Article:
DIY Wills the cause for rise in inheritance disputes
Author: Victoria Marsh
New research carried out by insurance provider, Royal London has revealed that 54% of UK adults don’t have a will.
This is a scary statistic when you think about how many people have assets that are really worth something. The rise in house prices over the last decade alone have pushed the value of people’s estates higher and higher, making those who thought they had very little actually have quite a lot.
Although people are getting their affairs in order through the proper channels, others are turning to DIY wills to avoid the cost of using a solicitor. While they may be cheap, DIY wills only allow you to draft the most basic of wills and anything other than straightforward can cause problems.
Wills are official legal documents which need to be written in a certain way and contain the correct terminology. The law around probate is complex and if you aren’t familiar with the process, it’s easy to incorporate ambiguous wording which could be misinterpreted, or make a mistake that can invalidate the will altogether.
Modern family structures are changing and financial arrangements are becoming increasingly complicated, so it’s more important than ever to make sure your will is right. If it’s not, it could leave your loved ones in a legal minefield after your death or worse still, end up with family members falling out and settling disputes in court.
In fact, Royal London found that the number of inheritance disputes being heard by the High Court has risen by 59% in the last year. Although there are other underlying reasons, the increase has largely been attributed to the number of DIY wills being filed.
So, the moral of this tale is don’t leave it to chance; seek guidance from a solicitor. They’ll advise you of what you can and can’t do and point out things that you never even thought to consider so that you’re absolutely clear about the choices you’re making. A solicitor will ensure the will is legally binding rather than leaving it to fate like DIY wills all too often do. If you haven’t sorted out your will and you’re not sure what to do, here’s a list of some of the things to think about:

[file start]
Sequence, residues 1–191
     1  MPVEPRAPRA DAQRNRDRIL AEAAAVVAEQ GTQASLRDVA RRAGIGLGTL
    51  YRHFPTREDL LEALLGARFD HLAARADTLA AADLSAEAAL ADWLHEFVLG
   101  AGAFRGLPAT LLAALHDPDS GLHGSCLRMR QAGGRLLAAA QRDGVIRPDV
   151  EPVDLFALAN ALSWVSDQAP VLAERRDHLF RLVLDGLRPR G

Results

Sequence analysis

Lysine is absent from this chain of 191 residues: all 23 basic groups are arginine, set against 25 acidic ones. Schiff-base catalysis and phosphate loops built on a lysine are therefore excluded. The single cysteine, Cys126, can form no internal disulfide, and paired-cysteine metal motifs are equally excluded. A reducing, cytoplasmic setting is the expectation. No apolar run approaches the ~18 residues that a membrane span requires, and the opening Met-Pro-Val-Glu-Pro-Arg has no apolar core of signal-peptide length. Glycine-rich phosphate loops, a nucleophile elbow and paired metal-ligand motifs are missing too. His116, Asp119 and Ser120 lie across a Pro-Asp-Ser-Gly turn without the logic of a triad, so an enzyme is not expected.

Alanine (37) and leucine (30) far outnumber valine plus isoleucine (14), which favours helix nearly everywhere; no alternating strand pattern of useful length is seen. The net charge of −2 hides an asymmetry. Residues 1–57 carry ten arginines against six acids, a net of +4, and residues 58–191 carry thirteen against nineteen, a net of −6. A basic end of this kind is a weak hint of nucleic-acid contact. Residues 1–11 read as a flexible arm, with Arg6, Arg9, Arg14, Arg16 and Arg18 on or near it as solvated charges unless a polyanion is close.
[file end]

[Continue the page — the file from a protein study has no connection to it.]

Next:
How much do you think your estate is worth?
Start by making a list of your all your assets. These will include your home or any property you own, savings, stocks and shares or premium bonds and don’t forget about any online accounts you may have. Include pensions, life insurance, endowments or policies that will pay out on your death.
Next, list your physical assets. Your car or other vehicles you own should be noted, as should any jewellery, artwork, family heirlooms or antiques. What about other items? Televisions, music systems, gadgets etc. will all have a value whether that’s financial or sentimental, so don’t forget those.
Finally, outline your debts. Outstanding mortgages, loans, credit card balances, overdrafts or equity release plans will all need to be paid out of your estate so make it easy for those you leave behind by listing these.
Doing it for the kids
Nominate who you would like to care for your children if anything happens to you before they reach 18. Naming a guardian for your children means you get the choice of who looks after them rather than who the state thinks they should live with.
Who gets what
This is the bit that can cause all manner of fallouts. It’s entirely up to you who you leave money or possessions to, but it’s important to be absolutely clear about who you want to have them and what exactly it is you want them to have. And remember, it doesn’t just have to be your immediate family; it can be cousins, friends, organisations or charities, whoever you want.